IRS waives Sec. 911(d) minimum time requirements for certain countries
The IRS added the Democratic Republic of the Congo, Haiti, Iraq, Sudan, and Venezuela to the list of countries for which the minimum time requirements under Sec. 911(d) are waived for tax year 2019. Rev. Proc. 2020-14 (4/13/20).
Taxpayers can temporarily fax Forms 1139 or 1045 due to COVID-19
The IRS announced that taxpayers who are claiming a refund under Sections 2303 or 2305 of the Coronavirus Aid, Relief, and Economic Security (CARES) Act, P.L. 116-136, which provide for the carryback of certain net operating losses and accelerated recovery of corporate minimum tax credits, can temporarily submit those claims by fax on Form 1139, Corporation Application for Tentative Refund, or Form 1045, Application for Tentative Refund. Normally, those forms must be mailed to the IRS or delivered via private delivery service. Temporary Procedures to Fax Certain Forms 1139 and 1045 Due to COVID-19 (4/13/20).
IRS posts FAQs on estate tax return filing delays
The IRS posted FAQs on its website regarding problems encountered in the delivery of estate tax returns to the Kansas City Service Center using private delivery services. FAQs: Estate Tax Form 706 Deliveries Returned Due to COVID-19(4/13/20).
Building facade easement not protected in perpetuity
The Sixth Circuit affirmed a Tax Court decision that a facade easement was not protected in perpetuity, as required by Sec. 170(h)(5)(A), when the donation agreement allowed the donor to make changes to the facade of the building if the donee did not act within 45 days to stop the changes. Hoffman Properties II, LP, No. 19-1831 (6th Cir. 4/14/20).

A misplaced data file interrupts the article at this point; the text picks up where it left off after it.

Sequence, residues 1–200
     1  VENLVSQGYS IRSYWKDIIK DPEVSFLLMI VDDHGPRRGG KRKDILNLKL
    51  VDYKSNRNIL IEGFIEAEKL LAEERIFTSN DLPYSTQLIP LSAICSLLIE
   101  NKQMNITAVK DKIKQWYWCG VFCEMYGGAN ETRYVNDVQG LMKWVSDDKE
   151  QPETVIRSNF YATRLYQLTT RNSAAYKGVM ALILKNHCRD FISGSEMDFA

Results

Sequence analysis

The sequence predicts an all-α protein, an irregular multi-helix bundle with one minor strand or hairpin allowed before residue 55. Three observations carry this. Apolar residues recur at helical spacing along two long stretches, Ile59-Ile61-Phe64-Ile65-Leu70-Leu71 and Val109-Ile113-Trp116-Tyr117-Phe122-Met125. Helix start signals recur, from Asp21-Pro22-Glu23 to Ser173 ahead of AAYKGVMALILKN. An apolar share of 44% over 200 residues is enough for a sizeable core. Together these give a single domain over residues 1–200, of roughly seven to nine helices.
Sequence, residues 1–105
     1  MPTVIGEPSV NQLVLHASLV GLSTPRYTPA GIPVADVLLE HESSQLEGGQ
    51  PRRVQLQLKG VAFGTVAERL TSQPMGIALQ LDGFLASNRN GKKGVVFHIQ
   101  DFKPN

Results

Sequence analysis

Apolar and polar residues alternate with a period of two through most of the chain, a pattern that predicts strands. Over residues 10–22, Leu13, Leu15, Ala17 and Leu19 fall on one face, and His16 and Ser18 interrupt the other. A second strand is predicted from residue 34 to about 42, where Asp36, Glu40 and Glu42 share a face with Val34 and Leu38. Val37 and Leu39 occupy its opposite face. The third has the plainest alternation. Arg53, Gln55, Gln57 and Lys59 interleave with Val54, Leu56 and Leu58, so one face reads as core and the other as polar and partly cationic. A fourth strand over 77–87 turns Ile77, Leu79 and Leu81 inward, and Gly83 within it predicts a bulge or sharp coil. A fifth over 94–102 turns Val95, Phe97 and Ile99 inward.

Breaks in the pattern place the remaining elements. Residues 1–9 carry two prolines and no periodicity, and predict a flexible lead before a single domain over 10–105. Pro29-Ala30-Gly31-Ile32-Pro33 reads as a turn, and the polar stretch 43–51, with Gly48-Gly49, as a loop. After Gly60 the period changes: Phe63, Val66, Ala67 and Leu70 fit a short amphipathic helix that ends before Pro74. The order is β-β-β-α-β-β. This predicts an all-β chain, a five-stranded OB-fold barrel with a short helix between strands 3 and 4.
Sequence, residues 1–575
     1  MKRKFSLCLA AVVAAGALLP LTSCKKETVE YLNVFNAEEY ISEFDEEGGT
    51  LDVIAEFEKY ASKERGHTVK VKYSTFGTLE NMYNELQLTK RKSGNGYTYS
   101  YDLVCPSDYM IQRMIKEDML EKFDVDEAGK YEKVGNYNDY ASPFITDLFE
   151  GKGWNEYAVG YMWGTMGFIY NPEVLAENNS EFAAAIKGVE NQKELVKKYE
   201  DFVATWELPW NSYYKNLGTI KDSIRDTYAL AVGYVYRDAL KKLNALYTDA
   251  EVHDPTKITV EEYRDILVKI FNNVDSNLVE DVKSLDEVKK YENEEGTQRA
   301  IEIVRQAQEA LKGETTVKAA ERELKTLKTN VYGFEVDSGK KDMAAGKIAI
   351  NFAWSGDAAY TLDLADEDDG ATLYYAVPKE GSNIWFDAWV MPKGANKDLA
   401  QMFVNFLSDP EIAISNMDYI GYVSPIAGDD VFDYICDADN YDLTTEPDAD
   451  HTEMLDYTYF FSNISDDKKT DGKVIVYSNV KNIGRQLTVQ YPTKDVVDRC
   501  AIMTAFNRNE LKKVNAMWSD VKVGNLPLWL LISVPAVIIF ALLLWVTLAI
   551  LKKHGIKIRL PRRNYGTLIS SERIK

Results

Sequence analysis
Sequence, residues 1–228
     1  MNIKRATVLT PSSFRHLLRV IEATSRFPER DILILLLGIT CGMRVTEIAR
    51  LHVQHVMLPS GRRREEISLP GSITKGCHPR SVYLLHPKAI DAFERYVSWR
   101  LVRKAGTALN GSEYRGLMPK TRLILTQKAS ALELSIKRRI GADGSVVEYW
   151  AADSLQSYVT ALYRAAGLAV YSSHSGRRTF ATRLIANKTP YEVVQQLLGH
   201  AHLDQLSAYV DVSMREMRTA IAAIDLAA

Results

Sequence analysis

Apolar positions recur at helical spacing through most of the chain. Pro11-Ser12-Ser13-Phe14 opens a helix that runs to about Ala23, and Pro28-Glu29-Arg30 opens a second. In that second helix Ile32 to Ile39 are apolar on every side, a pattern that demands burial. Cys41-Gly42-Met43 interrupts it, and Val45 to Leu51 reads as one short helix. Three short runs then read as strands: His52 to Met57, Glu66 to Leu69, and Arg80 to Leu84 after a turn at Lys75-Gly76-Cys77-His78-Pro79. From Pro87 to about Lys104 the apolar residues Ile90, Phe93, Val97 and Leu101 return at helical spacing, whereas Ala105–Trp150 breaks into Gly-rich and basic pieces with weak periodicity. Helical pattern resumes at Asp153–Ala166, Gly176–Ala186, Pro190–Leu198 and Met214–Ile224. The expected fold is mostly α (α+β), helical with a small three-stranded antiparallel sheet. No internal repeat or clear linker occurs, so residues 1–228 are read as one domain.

IRS adjustment to couple’s depreciation method resulted in a Sec. 481 adjustment
The Tax Court denied a couple’s motion for summary judgment and held that IRS adjustments to the couple’s depreciation methods with respect to rental property constituted a change in method of accounting that resulted in a Sec. 481 adjustment. In auditing the couple’s rental property deductions, the IRS reallocated a larger portion of the couple’s cost basis to nondepreciable land for one rental property and reclassified most of their cost basis on a second rental property into a MACRS class with a much longer recovery period. Pinkston, T.C. Memo. 2020-44 (4/13/20).
IRS procedure addresses mortgage modifications under CARES Act
The IRS issued a revenue procedure that provides safe harbors under which modifications to certain mortgage loans in connection with a forbearance program enacted by the Coronavirus Aid, Relief, and Economic Security (CARES) Act, P.L. 116-136, are not treated as replacing the unmodified obligation with a newly issued obligation, as giving rise to prohibited transactions, or as manifesting a power to vary for purposes of determining the federal income tax status of certain securitization vehicles that hold the loans. The revenue procedure also describes a safe harbor under which certain securitization vehicles, such as real estate mortgage investment conduits (REMICs), are not treated as having improper knowledge of an anticipated default on the grounds that they acquired a mortgage loan with respect to which the borrower had participated in a forbearance program. Rev. Proc. 2020-26 (4/14/20).
Posted by Lewis J. Saret, Co-General Editor, Wealth Strategies Journal.